10. Effects of Fe2+, Co2+and Ni2+Ions on Biological Methane Production from Residual Heavy Oil

    Institute of Scientific and Technical Information of China (English)

    Liu Chunshuang; Ma Wenjuan; Zhao Dongfeng; Jia Kuili; Zhao Chaocheng

    2015-01-01

    On the basis of single factor tests, the effect of trace elements—Fe2+, Co2+and Ni2+ions—on biological methane production from heavy oil was investigated by the response surface method. A three-level Box-Behnken design was em-ployed to study the relationship between the independent variables and the dependent variable by applying initial Fe2+, Co2+and Ni2+concentration as the independent variables (factors) and using the methane production after 270 days of cultivation as the dependent variable (response). A prediction model of quadramatic polynomial regression equation was obtained. The results showed that the methane production could be as high as 240.69 µmol after optimization compared with 235.74 µmol obtained under un-optimized condition. Furthermore, the microbial communities before and after biodegradation were ana-lyzed by PCR-DGGE method. The dominant bands were recovered and sequenced. Three strains were obtained;the strain T1 has 97%similarity with Bacillus thermoamylovorans, the strain H3 has 97%similarity with Bacillus thermoamylovorans and the strain H4 has 99%similarity with Bacillus vietnamensis.

  11. 毛细管气相色谱法测定市售食用油中残留溶剂的研究%Determination of Residual Solvent Contents in Edible Oils by Capillary Gas Chromatography

    Institute of Scientific and Technical Information of China (English)

    黄韬睿; 王鑫

    2012-01-01

    6# solvent will residues in edible oils as the extraction solvent in process of Oil extraction.6# solvent has a lot of harm to quality of oil and health of human.Pressed oil should not contain 6# solvent because of the different process.So we can determine the quality of the pressed oil by detect the 6# solvent in the oil.In this research,Capillary Gas Chromatography detector is used to determine the residue of 6﹟ solvent in pressed oils which sold in Chengdu and Guangyuan market.The results of determine will provide a support in data to supervision of edible oils.%浸出法制油的过程中主要使用六号溶剂作为浸出溶剂,该方法难免造成六号溶剂在食用油中的残留,六号溶剂对食用油的品质以及人体健康都有诸多害处,而压榨油因为生产工艺不同,其中不应该含有六号溶剂的残留。顾可根据检测压榨油中是否含有六号溶剂判断压榨油中是否添加浸出油。本文建立了毛细管气相检测食用油中六号溶剂残留量的方法,并对成都和广元市场市售的压榨食用油进行了初步的检测,为两地食用油市场的监管提供初步的数据支持。

  12. Application of RMT Residual Oil Saturation Logging Technology in Tahe Oilfield%RMT剩余油饱和度测井技术在塔河油田的应用

    Institute of Scientific and Technical Information of China (English)

    胡全发; 李晓宇; 郝身立; 王琳; 阚朝晖

    2015-01-01

    This paper introduces the principle of RMT residual oil saturation logging, focuses on the advantages of RMT residual oil satura-tion logging technology and its application in Tahe oilfield. The application of RMT logging can re-evaluate the various geological parameters of reservoir after waterflooding, and provide accurate porosity, residual oil saturation and other physical property and oily parameters for oil-field development.%文章介绍了RMT剩余油饱和度测井原理,着重分析了RMT剩余油饱和度测井技术优势及在塔河油田的应用,应用RMT测井新技术可对储层水淹后的各种地质参数进行重新评价,为油田后期开发提供准确的孔隙度,剩余油饱和度等物性和含油性参数,具有非常广的应用前景。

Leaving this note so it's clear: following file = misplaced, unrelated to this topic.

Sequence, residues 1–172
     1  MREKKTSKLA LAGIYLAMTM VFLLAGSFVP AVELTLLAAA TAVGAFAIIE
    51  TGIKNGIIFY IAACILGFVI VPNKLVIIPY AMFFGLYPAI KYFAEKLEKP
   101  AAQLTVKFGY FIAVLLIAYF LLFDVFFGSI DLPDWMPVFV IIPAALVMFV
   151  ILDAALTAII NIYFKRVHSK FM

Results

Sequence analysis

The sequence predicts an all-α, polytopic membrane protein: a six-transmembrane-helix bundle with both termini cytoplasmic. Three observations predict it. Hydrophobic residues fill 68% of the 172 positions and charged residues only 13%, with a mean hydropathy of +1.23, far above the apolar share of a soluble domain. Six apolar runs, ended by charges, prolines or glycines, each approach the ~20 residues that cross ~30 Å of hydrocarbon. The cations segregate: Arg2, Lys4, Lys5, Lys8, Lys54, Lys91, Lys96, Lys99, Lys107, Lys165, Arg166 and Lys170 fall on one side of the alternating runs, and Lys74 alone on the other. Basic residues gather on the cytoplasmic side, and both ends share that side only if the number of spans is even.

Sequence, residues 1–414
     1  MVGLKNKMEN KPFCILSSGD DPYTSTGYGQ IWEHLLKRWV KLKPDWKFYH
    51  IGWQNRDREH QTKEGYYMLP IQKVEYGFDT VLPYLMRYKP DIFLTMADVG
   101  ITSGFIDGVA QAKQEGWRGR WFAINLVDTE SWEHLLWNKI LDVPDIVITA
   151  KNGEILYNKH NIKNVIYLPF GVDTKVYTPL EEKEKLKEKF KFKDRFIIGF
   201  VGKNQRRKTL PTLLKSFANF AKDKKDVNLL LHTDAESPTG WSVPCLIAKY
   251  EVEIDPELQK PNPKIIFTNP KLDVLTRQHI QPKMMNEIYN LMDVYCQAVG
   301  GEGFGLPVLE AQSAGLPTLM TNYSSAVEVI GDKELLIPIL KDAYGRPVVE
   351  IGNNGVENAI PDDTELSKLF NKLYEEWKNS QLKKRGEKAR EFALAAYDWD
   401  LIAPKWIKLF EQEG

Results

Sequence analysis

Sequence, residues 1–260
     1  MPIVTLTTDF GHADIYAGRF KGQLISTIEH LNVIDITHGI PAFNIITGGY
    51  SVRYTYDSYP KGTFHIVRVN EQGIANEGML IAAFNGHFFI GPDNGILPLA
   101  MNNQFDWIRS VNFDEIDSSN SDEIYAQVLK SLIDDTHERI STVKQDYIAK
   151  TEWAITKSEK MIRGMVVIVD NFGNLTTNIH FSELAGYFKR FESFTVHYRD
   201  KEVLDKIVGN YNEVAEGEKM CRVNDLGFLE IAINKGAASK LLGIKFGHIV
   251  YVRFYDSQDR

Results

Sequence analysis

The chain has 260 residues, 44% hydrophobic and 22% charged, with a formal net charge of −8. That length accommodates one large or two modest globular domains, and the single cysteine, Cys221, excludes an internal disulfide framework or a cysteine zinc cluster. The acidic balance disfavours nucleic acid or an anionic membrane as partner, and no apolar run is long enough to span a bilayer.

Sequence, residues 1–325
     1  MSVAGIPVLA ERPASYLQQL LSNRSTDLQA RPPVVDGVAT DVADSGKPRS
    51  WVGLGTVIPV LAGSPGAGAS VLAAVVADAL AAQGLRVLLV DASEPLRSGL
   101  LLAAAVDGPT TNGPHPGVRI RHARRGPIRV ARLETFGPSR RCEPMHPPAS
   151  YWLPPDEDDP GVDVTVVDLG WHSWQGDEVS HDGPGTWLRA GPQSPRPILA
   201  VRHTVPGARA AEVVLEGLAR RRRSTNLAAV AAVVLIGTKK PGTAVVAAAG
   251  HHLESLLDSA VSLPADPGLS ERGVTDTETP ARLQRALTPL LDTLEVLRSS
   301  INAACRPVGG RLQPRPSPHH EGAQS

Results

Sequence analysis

13. Technology Study on Producing High Melting Point Microcrystalline Wax From Shenbei/Daqing Vacuum Residue Oil%沈北/大庆减压渣油生产高熔点微晶蜡工艺研究

    Institute of Scientific and Technical Information of China (English)

    金秀英; 陈白莉; 杜晓敏; 王玉玲; 范燕

    2013-01-01

      沈北/大庆减压渣油中含有丰富的微晶蜡。将渣油亚临界丙烷脱沥青得到轻脱油,再经酮苯脱油-白土精制生产高熔点微晶蜡。说明大庆、沈北混合原油减压渣油经脱沥青等系列工艺处理生产光亮油和微晶蜡的技术可行性,提出了大庆、沈北混合原油减压渣油综合利用的途径。%There is abundant microcrystalline wax in Shenbei/Taqing vacuum residue oil. Light deasphalting oil is often obtained from vacuum residue oil by subcritical propane deasphalting process, then microcrystalline wax with high melting point can be produced by butanone-toluene solvent deoiling and clay-treated refining. In this paper,the technical and economic feasibility of producing bright stock and microcrystalline wax from the vacuum residue of Daqing and Shenbei mixed crude by deasphalting etc.processes was discussed according to the pilot plant test results .Utilization ways of vacuum residue of Daqing and Shenbei mixed crude were put forward.

  14. Integrated project: Microbiological and physiological studies on the presence of residual concentrations in mineral-oil-contaminated soils after rehabilitation. Final report. Pt. 2; Mikrobiologische und physiologische Untersuchungen zur Frage der Restkonzentration bei der Sanierung mineraloelkontaminierter Boeden. Abschlussbericht. T. 2

    Energy Technology Data Exchange (ETDEWEB)

    Miethe, D.; Riis, V.; Stimming, M.

    1996-01-04

    It has been known for a long time that microorganisms are able to utilise mineral oils. Today various methods are practised which exploit autochthonous microorganisms` ability to utilise mineral oils. The main problem of microbial decomposition of hydrocarbons is that mineral oil residues remain. The aim of the present research project was therefore to determine the limits of the metabolisability of the substrate and find out why residues remain. Mineral oils and residual fractions differ markedly in their decomposability. Intermediate distillates are easily decomposed to a degree of 95-97% by well-adapted consorts. For high-boiling mineral oils (bp>400 C) the degree of decomposition is approx. 60%. Extracts from contaminated sites range from 40 to 60% in their degree of decomposability. The incomplete microbial decomposition of mineral oils is mainly due to their structure. There remain chemically and thermally extremely, inert hydrocarbons (mainly aliphatic and aromatic fused-ring systems) which are either hardly metabolisable or not at all. An important factor in soils or at other contaminated sites is that some of the substrate is not available because it is bound to the matrix thus increasing the proportion of residue. The next task after examining and presenting the causes of incomplete decomposition is to minimise residual mineral oil concentrations remaining after microbial decomposition. Here the use of special surfactants or of auxiliary substrates could point a way. Project applications to this end have already been submitted to the Federal Ministry for Education and Research. (orig.) [Deutsch] Dass Mikroorganismen in der Lage sind, Mineraloele zu verwerten, ist seit langem bekannt. Verfahren, die das Potential autochthoner Mikroorganismen zur Verwertung von Mineraloelen nutzen sind Praxis. Hauptproblem beim mikrobiellen Abbau der Kohlenwasserstoffe ist das Verbleiben von Mineraloelresten. Das Ziel des Forschungsvorhabens war die Ermittlung der Grenzen